- The strike price is equal to 1 minus the fund’s percentage equity to total assets, so it ranges between 10% (low leverage) and 99% (high leverage). The strike price is equal to the percentage debt to total assets. If the stock price is above the strike price, i.e. if the assets are worth more than the fund’s debt, the call option is ‘in the money’ and the equity has a positive value. However, if the asset value is below the percentage debt to total assets, the fund defaults and the equity, and hence the call option, is worthless.
- A risk-free rate of 4% is assumed.
- A volatility of 20% is assumed, in accordance with the high-yield profile of the fund (risk weight 50% and higher).

## Comparison of the risk-sensitive Regulatory Capital levels with the fund’s default risk

Below we show the call option price against the percentage equity to total assets. Note that the option price is above the percentage equity to total assets (expressed with the help of the red line). The difference between the option price and the percentage equity to total assets converges to zero as the fund progresses to a 100% equity funding situation. This is an important outcome. *It shows that equity holders do not have an incentive to reduce the leverage of the bank, since the value of their call option on the bank’s assets increases slightly less than the percentage equity to total assets. *

The figure illustrates that the option value of the equity is most valuable at low solvency levels.(1)

In the figure below we show the regulatory capital (8% of RWA) according to the *look through approach* for several average risk weights (50%, 70%, …, 150%). We compare the outcomes of the risk capital to the investment’s default risk as measured by the Merton approach. Within the Merton approach, the probability of *not* exercising the option, i.e. the probability that the equity investment turns out to be worthless, equals N(-d2).

From the figure we can conclude that the regulatory capital formula follows more or less the shape of the probability to not exercise in the Merton approach. Also, the capital requirement is conservatively above this probability for risk weights below 150% (corresponding to below BB- bonds).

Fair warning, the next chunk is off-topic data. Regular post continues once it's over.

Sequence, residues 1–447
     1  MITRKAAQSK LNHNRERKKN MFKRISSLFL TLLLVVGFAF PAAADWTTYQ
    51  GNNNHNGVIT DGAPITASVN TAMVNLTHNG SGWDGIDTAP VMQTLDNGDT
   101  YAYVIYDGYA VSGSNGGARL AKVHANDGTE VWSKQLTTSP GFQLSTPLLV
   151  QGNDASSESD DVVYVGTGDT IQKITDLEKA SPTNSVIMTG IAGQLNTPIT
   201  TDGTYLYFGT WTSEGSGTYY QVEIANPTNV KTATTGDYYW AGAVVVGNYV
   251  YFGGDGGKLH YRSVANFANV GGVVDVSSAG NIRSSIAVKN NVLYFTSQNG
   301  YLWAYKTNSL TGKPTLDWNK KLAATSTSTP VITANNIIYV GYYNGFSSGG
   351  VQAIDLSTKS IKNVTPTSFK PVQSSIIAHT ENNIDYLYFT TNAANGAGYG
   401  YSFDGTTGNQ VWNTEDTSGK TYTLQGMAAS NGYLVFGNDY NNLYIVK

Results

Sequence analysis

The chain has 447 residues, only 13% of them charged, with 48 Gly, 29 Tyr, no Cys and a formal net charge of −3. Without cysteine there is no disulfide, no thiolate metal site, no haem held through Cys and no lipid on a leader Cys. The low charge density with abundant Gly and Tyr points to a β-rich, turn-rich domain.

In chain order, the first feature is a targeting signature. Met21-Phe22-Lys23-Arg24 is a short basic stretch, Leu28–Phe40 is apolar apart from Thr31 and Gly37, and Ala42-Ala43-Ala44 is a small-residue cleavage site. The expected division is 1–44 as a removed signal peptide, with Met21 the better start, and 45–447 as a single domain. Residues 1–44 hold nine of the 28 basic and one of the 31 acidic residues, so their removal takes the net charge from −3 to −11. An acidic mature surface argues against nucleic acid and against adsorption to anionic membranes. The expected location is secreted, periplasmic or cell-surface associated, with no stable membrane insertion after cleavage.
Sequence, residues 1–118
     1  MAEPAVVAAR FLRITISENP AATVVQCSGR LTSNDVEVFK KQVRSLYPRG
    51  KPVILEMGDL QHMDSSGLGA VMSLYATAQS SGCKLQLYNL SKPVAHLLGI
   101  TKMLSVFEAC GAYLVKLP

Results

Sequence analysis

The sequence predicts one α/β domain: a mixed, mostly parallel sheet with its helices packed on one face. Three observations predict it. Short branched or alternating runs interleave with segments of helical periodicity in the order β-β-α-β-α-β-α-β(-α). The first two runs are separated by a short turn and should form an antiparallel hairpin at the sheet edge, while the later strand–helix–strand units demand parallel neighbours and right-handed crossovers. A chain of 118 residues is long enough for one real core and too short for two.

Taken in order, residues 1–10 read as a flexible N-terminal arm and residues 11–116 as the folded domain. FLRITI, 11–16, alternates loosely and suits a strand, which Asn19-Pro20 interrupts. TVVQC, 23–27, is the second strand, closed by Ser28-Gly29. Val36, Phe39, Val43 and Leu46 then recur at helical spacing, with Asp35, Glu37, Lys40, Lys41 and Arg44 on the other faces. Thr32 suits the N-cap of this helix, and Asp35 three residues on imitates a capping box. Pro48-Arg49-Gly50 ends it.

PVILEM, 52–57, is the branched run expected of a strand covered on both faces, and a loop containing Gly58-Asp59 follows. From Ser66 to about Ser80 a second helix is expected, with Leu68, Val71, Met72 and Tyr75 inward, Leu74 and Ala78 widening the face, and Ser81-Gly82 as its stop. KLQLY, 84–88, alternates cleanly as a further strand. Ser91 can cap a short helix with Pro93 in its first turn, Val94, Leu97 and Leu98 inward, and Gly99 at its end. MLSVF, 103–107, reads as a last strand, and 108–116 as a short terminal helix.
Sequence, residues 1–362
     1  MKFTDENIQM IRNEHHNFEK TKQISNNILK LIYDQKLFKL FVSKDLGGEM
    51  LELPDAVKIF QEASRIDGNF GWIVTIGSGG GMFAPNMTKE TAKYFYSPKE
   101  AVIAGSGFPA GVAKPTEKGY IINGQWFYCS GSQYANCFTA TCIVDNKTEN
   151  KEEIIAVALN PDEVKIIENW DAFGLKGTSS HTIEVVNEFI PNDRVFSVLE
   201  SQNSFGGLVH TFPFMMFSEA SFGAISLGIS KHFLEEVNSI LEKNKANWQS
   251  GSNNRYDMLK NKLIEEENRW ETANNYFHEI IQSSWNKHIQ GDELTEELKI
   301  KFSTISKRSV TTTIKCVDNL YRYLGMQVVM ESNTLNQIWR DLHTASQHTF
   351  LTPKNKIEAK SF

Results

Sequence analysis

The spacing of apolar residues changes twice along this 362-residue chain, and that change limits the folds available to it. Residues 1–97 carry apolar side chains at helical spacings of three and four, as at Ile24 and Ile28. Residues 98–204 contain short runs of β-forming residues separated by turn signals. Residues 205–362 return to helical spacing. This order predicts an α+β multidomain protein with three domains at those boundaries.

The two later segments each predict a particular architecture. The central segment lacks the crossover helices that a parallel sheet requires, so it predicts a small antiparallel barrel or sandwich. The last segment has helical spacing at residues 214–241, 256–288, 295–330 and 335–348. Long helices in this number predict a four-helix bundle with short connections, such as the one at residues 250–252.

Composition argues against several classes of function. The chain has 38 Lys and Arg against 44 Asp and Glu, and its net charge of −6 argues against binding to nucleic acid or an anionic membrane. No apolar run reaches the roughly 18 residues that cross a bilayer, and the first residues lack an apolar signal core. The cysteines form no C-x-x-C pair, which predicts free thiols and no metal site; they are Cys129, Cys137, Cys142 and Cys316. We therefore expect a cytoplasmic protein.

My conclusion is that, although the multiplication with the leverage ratio may seem odd, the resulting regulatory requirement for banks’ high-risk equity investments in funds turns out to be reasonable if the fund’s assets comprise externally rated high-yield corporate debt. However, some red flags remain. If (for whatever reason) the risk weight of the fund’s assets is underestimated, the *look through approach* may turn out to be too optimistic. It relies heavily on an adequate rating. Also, it does not take other relevant risk factors into account such as the concentration of the fund’s assets or the quality of the fund’s management.

(1)See M.J.P. Lubberink, A primer on regulatory capital adjustments, forthcoming, SSRN http://papers.ssrn.com/sol3/papers.cfm?abstract_id=2305052

## Appendix: Option theory

The value of a call option c is S(0)*N(d1) – K*exp(-rT)*N(d2).

In this formula N(d2) is the probability to exercise the option. The probability to *not* exercise the option is N(-d2). In the Merton approach, this is equal to the probability that the equity turns out to be worthless. Hence, N(-d2) is an estimate of the firm’s PD. Sometimes the Black-Scholes formula is enhanced to reflect the asset return drift instead of the risk-free rate.

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This is an interesting post by Marco Folpmers: What happens if banks invest in funds?